paceX Crew Dragon Demo-2: First Commercial pace Taxi a Pit top on Musk’s Mars Quest

It all started with the dream of growing a rose on Mars.

That vision, Elon Musk’s vision, morphed into a shake-up of the old space industry, and a fleet of new private rockets. Now, those rockets will launch NAA astronauts from Florida to the International pace tation — the first time a for-profit company will carry astronauts into the cosmos.

It’s a milestone in the effort to commercialise space. But for Musk’s company, paceX, it’s also the latest milestone in a wild ride that began with epic failures and the threat of bankruptcy.

If the company’s eccentric founder and CEO has his way, this is just the beginning: He’s planning to build a city on the red planet, and live there.

“What I really want to achieve here is to make Mars seem possible, make it seem as though it’s something that we can do in our lifetimes and that you can go,” Musk told a cheering congress of space professionals in Mexico in 2016.

Musk “is a revolutionary change” in the space world, says Harvard University astrophysicist Jonathan McDowell, whose Jonathan’s pace Report has tracked launches and failures for decades.

Ex-astronaut and former Commercial paceflight Federation chief Michael Lopez-Alegria says, “I think history will look back at him like a da Vinci figure.”

Musk has become best known for Tesla, his audacious effort to build an electric vehicle company. But paceX predates it.

At 30, Musk was already wildly rich from selling his Internet financial company PayPal and its predecessor Zip2. He arranged a series of lunches in ilicon Valley in 2001 with G cott Hubbard, who had been NAA’s Mars czar and was then running the agency’s Ames Research Center.

Musk wanted to somehow grow a rose on the red planet, show it to the world and inspire school children, recalls Hubbard.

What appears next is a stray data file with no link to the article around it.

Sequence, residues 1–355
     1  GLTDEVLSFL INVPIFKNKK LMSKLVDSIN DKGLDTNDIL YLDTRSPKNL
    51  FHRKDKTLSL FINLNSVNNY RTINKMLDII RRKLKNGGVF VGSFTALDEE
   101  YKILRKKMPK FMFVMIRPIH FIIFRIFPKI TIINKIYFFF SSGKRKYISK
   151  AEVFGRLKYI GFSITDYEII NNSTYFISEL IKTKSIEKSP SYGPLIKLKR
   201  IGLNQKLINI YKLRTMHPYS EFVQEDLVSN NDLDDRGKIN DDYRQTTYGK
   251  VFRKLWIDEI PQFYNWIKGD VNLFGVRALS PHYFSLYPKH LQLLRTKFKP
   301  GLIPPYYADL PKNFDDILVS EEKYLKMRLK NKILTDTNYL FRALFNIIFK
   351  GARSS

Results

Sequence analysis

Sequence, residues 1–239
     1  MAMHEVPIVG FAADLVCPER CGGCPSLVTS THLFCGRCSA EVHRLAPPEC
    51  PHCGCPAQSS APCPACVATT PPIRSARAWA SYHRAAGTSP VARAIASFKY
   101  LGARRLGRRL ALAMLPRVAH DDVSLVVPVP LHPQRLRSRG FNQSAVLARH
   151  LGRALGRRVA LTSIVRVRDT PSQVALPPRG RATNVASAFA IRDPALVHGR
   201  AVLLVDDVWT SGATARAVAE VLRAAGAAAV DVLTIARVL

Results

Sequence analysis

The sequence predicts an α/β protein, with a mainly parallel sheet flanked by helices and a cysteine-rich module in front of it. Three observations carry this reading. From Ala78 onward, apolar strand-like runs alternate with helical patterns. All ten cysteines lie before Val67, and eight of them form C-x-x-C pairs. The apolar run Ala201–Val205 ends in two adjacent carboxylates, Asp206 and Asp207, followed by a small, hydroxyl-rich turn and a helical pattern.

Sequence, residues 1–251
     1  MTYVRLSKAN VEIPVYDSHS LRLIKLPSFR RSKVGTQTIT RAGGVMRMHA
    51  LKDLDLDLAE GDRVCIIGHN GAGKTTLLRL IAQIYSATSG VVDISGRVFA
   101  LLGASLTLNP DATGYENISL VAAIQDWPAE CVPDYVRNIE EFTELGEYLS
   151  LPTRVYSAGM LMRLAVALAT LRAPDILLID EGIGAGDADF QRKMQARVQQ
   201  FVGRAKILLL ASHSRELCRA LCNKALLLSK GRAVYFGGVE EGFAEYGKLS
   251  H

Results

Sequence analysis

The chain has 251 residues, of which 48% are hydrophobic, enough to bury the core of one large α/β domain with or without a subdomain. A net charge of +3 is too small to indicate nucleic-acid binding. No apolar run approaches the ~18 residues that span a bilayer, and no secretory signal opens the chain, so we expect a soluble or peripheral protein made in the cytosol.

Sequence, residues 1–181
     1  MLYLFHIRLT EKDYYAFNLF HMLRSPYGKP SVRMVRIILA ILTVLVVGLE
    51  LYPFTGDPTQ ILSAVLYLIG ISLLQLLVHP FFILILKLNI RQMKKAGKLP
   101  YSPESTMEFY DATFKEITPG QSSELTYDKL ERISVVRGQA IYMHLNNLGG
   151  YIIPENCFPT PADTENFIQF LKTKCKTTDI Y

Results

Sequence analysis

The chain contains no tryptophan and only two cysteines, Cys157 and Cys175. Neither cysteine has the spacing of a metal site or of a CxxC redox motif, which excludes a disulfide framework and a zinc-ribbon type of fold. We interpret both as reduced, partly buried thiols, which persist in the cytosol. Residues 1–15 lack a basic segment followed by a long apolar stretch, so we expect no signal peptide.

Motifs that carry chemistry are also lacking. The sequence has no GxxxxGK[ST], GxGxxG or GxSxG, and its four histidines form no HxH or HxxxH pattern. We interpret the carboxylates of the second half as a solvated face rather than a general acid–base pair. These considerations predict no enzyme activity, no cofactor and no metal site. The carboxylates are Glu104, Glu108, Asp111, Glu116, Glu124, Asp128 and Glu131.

“His real focus was having life on Mars,” says Hubbard, a tanford University professor who now chairs paceX’s crew safety advisory panel.

The big problem, Hubbard told him, was building a rocket affordable enough to go to Mars. Less than a year later pace Exploration Technologies, called paceX, was born.

There are many space companies and like all of them, paceX is designed for profit. But what’s different is that behind that profit motive is a goal, which is simply to “Get Elon to Mars,” McDowell says. “By having that longer-term vision, that’s pushed them to be more ambitious and really changed things.”

Everyone at paceX, from senior vice presidents to the barista who offers its in-house cappuccinos and FroYo, “will tell you they are working to make humans multi-planetary,” says former paceX Director of pace Operations Garrett Reisman, an ex-astronaut now at the University of outhern California.

Musk founded the company just before NAA ramped up the notion of commercial space.

Traditionally, private firms built things or provided services for NAA, which remained the boss and owned the equipment. The idea of bigger roles for private companies has been around for more than 50 years, but the market and technology weren’t yet right.

NAA’s two deadly space shuttle accidents — Challenger in 1986 and Columbia in 2003 — were pivotal, says W Henry Lambright, a professor of public policy at yracuse University.